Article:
Fort Erie NASCAR Speedway Plan Strikes At Heart Of Rural Life And Carolinian Canada

 By John Bacher

One of the great tragedies in the effort to construct an 821-acre ‘Canadian Motorway Speedway’ on agriculturally zoned and designated lands in Fort Erie is that the scheme rips through the heart of one of the most intact areas of Carolinian forest in all of Canada.

It also rips through the heart of the planning laws that seek to protect it. 

Dave and Sandy Mitchell of Fort Erie enjoy some rural peace, while they can, near their home, less than a mile away from the proposed Nascar speedway in Fort Erie.

The area east of the Welland Canal and between the Niagara River in our region has the largest remaining concentration of the most biologically diverse woodlands in Canada – our equivalent of tropical rainforests. This precious mosaic of farmland and forests, repaired from past ecological abuse through the influence of one of Fort Erie’s greatest residents, the pioneer forester Edmund Zavitz, is now threatened by a bizarre “NASCAR-like” motorway complex – a complex that includes an associated mix of shopping centres, and a camp ground for speedway worshippers.
The current actions of the Fort Erie and Niagara regional council’s in giving planning approval to changes to their official plans to allow the construction of the imitation NASCAR track is a tragedy national in scope. This is being done so the community can become a Mecca for the worshippers of automotive power, targeting 80,000 fans that crave car exhaust rather than wafts of incense.

One racetrack supporter actually described it at a Fort Erie council meeting as a “religious experience.”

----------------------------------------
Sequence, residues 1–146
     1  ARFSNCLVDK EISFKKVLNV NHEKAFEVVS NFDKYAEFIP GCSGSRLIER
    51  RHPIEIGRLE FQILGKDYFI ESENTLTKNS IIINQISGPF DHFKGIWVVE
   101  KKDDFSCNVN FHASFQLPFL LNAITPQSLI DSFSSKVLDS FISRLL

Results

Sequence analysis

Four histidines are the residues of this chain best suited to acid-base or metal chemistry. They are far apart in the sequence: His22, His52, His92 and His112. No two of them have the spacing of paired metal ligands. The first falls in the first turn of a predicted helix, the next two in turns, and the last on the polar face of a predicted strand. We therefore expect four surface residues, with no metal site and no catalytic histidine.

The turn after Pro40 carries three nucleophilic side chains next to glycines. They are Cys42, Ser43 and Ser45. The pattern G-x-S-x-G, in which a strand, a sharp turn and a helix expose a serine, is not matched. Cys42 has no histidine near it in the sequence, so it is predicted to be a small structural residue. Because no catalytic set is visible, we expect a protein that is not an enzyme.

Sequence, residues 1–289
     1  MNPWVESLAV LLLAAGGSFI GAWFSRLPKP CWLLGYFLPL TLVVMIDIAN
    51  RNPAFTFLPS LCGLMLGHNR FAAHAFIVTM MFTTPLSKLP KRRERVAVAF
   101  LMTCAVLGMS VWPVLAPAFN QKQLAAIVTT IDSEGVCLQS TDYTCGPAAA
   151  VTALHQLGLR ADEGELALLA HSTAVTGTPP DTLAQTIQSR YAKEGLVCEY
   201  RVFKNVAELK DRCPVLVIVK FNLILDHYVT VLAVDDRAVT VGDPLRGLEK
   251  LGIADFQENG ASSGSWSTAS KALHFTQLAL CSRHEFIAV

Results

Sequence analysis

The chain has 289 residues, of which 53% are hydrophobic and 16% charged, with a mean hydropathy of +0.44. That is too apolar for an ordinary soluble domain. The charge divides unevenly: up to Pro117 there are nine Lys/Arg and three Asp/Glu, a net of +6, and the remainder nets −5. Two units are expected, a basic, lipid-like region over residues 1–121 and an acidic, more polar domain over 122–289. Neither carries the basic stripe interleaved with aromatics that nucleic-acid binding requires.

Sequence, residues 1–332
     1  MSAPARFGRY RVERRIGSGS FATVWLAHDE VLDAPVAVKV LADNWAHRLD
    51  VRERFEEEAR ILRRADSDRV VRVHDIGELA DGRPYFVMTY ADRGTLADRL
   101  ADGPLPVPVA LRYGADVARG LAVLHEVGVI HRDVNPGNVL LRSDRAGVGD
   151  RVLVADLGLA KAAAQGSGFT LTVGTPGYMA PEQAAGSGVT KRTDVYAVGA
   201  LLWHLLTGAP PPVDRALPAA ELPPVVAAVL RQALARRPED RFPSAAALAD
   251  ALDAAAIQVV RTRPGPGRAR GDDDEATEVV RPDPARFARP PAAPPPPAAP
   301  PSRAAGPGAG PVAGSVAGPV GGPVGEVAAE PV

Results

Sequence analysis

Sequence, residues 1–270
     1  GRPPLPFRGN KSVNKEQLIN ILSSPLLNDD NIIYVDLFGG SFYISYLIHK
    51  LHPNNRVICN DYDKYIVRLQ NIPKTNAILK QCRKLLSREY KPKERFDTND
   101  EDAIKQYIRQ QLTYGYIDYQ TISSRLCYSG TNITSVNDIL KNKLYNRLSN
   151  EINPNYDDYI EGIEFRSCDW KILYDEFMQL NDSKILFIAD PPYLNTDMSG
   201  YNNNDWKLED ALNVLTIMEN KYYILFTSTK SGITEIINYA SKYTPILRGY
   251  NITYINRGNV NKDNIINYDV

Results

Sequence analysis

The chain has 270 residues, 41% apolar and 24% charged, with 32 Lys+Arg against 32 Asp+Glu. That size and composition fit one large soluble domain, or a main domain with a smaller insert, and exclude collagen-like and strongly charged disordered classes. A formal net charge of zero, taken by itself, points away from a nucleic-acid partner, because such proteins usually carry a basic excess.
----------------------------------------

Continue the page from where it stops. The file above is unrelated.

The national scope of this tragedy comes from the fact that Fort Erie is actually, apart from the Indian reservations of Walpole Island and Six Nations, the most ecologically intact part of Carolinian Canada. Fort Erie has almost 50 per cent of its rural landscape in natural habitat, largely in magnificent and nationally rare Pin Oak Swamp Forests. One of the reasons for this is that the community’s farmers in the 1950s, notably Bert Miller, founder of the still-standing Bert Miller Nature Club and one of the region’s leading environmentalists reforested tracts of area farmland on the advice of Davit’s foresters in the Department of Lands and Forests.
One of the outrageous excuses that Niagara regional planners gave for approving this development is that since there is so much extensive natural habitat here that the area, despite being designated as “Good General” farmland in their official plan, can’t really be considered good land. This perverse type of thinking would result in paving over all the farmland in Ontario that is actually managed in an environmentally responsible manner.
Bert Miller’s wise actions resulted in the creation of a provincially significant wetland and fishery around Miller’s Creek, a stream named in honour of his 18th century loyalist ancestors. The presence of rare species such as the Swamp Rose Mallow and the Wood Turtle in the Miller wetlands downstream of the proposed motorway caused these lands properly to be mapped as ‘Provincially Significant Wetlands’ and excluded from development although they are within Fort Erie’s urban boundaries. Such wetlands in Fort Erie cover about 1,000 acres in total and have been a big contention for Fort Erie’s Council, which demanded compensation from the province in the form of an urban boundary expansion. They believe that provincial approval of the motorway is the answer to all their backroom wheeling and dealing for such compensation over the last several years.